Ireland: all the politicians agree on the need for austerity

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Political pundits are predicting meltdown for Fianna Fail at the Irish general election on 25 February, maybe losing more than half their seats. Considered the ‘natural party of government’ since coming to power in 1932, Fianna Fail has always had the most seats and the biggest share of the vote since 1933, and been in power for 61 of the last 79 years.

Whatever the result, all four of the main political parties in Ireland voted through the austerity measures required to get the €85 billion bail-out from the IMF and the EU. Whatever party or parties forms the next government, it will have little room for manoeuvre.

There will be €15 billion worth of cuts over the next 3 years, cutting, among many other things, the minimum wage, benefits and public sector jobs, following on from the billions already gouged from state expenditure. The economy has shrunk by over 20% in the past two years: even the most optimistic forecasts show only a marginal recovery for the foreseeable future. The 14% unemployment rate is the highest ever in absolute numbers and, of the 34 OECD states, only Spain and Slovakia have higher rates. Employment in the construction industry more than halved between 2008 and 2010. While thousands more are forecast to lose their jobs this year, a record 50,000 people are predicted to emigrate from Ireland in 2011, more than in any of the years of the 1980s’ recession.

Because the outgoing Fianna Fail/Green Party government is being widely blamed for the effects of the capitalist economic crisis in Ireland, other combinations of bourgeois parties are being backed to take over the running of the Irish state. The most popular prediction is for another Fine Gael/Labour Party coalition. This would be the seventh time this combination had been in charge. For all the supposed differences between the right wing Fine Gael and social democratic Labour, they have not found any difficulty in the past in enforcing austerity.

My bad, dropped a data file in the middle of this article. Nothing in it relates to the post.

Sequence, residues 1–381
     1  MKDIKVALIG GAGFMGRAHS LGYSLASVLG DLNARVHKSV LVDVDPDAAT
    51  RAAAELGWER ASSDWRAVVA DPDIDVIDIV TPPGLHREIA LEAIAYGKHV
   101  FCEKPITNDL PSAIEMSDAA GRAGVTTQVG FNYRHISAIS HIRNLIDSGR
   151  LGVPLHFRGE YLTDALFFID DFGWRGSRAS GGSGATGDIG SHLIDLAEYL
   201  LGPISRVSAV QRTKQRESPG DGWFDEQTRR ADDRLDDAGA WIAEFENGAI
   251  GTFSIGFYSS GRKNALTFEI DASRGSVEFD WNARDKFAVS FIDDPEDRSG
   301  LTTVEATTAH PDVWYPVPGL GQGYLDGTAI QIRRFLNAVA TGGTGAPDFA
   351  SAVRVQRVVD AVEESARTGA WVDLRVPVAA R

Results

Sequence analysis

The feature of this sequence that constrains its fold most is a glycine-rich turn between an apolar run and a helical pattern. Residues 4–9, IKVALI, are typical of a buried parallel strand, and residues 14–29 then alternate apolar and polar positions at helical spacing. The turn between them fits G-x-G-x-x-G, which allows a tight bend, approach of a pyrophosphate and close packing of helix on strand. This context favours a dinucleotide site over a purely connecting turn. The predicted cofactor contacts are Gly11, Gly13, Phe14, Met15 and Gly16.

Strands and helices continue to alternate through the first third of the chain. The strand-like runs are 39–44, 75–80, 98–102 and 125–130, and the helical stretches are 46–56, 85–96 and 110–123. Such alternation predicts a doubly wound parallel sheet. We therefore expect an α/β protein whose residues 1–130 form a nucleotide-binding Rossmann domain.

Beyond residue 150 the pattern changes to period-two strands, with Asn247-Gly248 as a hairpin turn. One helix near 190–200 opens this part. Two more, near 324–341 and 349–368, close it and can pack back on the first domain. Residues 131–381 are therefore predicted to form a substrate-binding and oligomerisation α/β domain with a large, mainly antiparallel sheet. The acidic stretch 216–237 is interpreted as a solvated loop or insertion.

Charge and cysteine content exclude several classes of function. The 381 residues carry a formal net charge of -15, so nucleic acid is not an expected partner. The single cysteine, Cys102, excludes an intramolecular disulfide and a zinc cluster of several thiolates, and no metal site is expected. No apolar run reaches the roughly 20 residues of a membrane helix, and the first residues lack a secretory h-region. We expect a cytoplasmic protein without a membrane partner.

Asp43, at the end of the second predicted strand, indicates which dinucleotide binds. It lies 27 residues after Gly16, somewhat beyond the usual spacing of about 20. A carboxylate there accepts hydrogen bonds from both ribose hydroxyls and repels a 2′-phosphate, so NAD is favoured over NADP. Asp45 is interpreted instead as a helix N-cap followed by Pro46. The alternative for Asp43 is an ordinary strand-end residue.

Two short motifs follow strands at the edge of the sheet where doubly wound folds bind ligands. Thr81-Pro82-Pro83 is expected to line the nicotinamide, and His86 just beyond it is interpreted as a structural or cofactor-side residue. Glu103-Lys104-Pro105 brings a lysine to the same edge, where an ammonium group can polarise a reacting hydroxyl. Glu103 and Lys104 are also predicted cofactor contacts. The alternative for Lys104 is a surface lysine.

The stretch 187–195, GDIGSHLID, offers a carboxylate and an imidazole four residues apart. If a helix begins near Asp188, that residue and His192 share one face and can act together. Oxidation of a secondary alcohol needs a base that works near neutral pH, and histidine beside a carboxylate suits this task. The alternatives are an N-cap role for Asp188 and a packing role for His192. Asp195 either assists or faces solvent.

Some are predicting that, with a backlash against the ‘excesses’ of ‘free market’ capitalism, Labour and Sinn Fein will benefit, and be capable of forming a government in alliance with others. Should this unlikely first ever left wing Irish government transpire, the programmes of each party indicate that they will be perfectly capable of managing the state in the interests of Irish capitalism – for all that Gerry Adams continues to insist that he is a “subversive”.

The response of the working class in Ireland to the attacks on their conditions of life has been limited. In recent years there have been a number of massive, but union-dominated marches in response to different waves of austerity measures. The influence of the unions is still significant. Last year a number of major unions agreed a 4-year strike ban. While this is still holding there is still the potential for workers to see beyond the parliamentary games, beyond ‘responsible’ trade unionism, beyond the lies of Irish nationalism, and launch struggles in defence of their own class interests. 

 

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